Jesse Jo Stark is “So Bad”
Jesse Jo Stark is a hypnotic artist. Looking at her is getting carried away by her incredible deep green eyes, and listening to her is a very cerebral experience inspiring feelings of nostalgia, melancholy and Old Hollywood glamor.
She has just released a new single and video called “So Bad”. A very intense track with the razor-sharp seductive aesthetic that became the songstress’ calling card. This new piece of audiovisual madness pays homage to the same hyper violent B-series revenge flicks that inspired so much of Quentin Tarantino’s signature style. The video features family and friends in various roles, and some of this faces will likely be more than a little familiar to some of you. It was directed by Ramez Silyan (Everybody’s Everything) and it ends with an ominous message… “Eye for an eye / Dead even.” A phrase that could just be a cool cryptic thing or it could potentially unveil a little more of Jesse’s upcoming project: Her upcoming debut full-length album, “DOOMED”, out September 21st.
Now’s a very exciting time to be a Jesse Jo Stark fan (and that we are), but if this is your introduction to L.A.’s Deadly doll, let’s give you a quick rundown:
Stark’s life has been delineated by a dynastic creative heritage, because just before she was born, her parents had started to build their family business: “Chrome Hearts”, the luxury accessories and lifestyle label favored by the likes of Jay-Z, Drake, Bella Hadid and Jesse Jo’s godmother, Cher. Yes, as you just read it, Cher is her godmother.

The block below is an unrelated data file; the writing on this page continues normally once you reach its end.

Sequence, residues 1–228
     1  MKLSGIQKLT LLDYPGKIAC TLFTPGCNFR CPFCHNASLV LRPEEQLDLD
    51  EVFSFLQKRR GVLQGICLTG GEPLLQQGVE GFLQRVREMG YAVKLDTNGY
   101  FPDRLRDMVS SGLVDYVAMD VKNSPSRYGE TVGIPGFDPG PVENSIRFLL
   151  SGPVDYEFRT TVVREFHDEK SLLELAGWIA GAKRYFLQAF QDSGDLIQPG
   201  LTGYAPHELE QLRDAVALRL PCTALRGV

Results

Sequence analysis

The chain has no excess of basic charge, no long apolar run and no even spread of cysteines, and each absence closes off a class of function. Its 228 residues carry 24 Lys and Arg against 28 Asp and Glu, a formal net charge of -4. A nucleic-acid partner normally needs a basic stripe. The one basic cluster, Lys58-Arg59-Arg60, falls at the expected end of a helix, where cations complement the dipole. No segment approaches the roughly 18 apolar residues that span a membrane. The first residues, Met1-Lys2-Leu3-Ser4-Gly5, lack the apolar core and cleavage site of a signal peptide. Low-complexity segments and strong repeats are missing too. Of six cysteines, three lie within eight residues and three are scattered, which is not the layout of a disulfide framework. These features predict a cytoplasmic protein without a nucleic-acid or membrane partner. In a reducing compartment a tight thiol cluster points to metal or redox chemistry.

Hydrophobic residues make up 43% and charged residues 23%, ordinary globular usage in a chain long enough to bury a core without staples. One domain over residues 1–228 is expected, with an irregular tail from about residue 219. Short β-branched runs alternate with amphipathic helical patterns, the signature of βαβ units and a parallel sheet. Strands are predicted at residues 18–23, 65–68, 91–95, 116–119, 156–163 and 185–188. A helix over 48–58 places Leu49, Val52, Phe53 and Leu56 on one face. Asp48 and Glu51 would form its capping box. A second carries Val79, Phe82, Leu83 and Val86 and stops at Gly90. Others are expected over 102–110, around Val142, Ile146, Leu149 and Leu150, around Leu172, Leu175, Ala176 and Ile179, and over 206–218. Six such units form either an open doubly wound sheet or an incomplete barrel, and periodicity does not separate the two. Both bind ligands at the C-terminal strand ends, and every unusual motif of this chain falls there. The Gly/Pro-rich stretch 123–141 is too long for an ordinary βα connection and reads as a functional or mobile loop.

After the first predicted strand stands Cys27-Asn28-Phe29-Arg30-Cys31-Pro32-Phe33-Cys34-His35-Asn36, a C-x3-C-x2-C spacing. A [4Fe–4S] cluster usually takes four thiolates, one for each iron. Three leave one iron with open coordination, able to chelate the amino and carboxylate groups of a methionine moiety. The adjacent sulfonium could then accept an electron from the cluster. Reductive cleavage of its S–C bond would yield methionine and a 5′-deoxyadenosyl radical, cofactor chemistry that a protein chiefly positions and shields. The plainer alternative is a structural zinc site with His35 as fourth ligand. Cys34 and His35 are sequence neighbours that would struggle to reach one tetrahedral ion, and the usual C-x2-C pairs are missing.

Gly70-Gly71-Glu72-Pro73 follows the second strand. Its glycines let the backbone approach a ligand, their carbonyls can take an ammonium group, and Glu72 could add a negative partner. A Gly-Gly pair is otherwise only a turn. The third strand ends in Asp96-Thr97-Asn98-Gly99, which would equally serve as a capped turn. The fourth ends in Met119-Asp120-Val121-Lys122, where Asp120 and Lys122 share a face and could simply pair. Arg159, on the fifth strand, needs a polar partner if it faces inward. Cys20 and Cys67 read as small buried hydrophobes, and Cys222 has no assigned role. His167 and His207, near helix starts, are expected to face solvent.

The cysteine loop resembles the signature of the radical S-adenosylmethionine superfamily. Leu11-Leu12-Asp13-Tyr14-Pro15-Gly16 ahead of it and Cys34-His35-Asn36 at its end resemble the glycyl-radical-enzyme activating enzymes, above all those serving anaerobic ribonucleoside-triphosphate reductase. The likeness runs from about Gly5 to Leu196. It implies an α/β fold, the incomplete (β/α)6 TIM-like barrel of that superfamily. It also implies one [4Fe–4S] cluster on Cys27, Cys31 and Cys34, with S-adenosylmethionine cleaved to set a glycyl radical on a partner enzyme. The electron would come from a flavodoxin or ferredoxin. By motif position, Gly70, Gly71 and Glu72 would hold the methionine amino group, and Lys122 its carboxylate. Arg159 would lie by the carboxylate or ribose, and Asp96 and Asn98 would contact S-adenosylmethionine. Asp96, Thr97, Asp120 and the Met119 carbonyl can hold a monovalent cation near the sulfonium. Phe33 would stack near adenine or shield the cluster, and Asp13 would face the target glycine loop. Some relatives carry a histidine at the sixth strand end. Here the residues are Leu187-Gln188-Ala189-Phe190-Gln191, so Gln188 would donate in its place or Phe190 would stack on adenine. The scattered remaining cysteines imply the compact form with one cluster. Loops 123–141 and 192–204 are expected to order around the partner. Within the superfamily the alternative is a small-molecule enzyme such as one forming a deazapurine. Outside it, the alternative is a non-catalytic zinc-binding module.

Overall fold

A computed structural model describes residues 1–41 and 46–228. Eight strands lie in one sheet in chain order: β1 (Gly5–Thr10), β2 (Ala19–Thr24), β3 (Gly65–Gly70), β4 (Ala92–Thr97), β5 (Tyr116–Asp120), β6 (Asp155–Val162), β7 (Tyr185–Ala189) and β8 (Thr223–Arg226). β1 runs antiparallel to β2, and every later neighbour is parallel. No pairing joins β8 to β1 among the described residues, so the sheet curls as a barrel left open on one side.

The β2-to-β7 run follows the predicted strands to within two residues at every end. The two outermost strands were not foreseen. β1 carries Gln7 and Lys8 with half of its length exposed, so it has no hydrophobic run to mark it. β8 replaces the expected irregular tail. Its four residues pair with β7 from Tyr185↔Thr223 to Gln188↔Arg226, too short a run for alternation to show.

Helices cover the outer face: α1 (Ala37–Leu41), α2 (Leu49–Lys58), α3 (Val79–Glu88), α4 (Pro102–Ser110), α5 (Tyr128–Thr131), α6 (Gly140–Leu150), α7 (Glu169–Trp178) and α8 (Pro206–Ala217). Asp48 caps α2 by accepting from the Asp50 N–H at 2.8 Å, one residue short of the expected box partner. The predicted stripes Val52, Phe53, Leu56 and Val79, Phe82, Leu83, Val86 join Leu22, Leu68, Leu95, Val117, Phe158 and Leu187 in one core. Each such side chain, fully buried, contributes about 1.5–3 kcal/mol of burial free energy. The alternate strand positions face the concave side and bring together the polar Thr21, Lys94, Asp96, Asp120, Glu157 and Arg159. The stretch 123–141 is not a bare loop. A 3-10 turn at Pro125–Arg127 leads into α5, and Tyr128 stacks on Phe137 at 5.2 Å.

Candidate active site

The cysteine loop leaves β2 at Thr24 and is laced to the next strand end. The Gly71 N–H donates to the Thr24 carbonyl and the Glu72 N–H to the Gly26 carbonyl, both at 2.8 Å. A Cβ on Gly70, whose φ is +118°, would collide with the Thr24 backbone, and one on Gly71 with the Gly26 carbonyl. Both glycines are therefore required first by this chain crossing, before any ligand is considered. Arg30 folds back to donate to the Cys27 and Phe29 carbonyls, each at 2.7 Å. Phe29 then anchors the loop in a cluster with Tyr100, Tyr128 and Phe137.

Born and raised amidst huge creative forces in L.A. it’s no surprise that Jesse would write her very first song at age 7, going on to form her first band just 4 years later. Clearly she hasn’t stopped working hard and growing into a vocal and song-writing powerhouse, only she’s draped in the cobwebs of Old-timey hollywood horror and suspense, delivering an addictive rock and dark-americana blend with every mind blowing release.
In a recent interview Jesse said how it was for her growing up in the middle of a nomadic tradition. “It gave me such an appreciation for the world. And I love touring as a musician. You know, being on the bus, squeezing into the tight spaces,” she shares. “But at the same time, being grounded is so important to me. Even when I’m in a hotel room for a day, I have my blanket, my crystals, my little monster puppet. I’m always telling the boys in my band, ‘We need to go and stick our feet in the grass!’ They tell me I’m so weird for saying that, but I grew up by the beach and just want to feel rooted, no matter where I am.”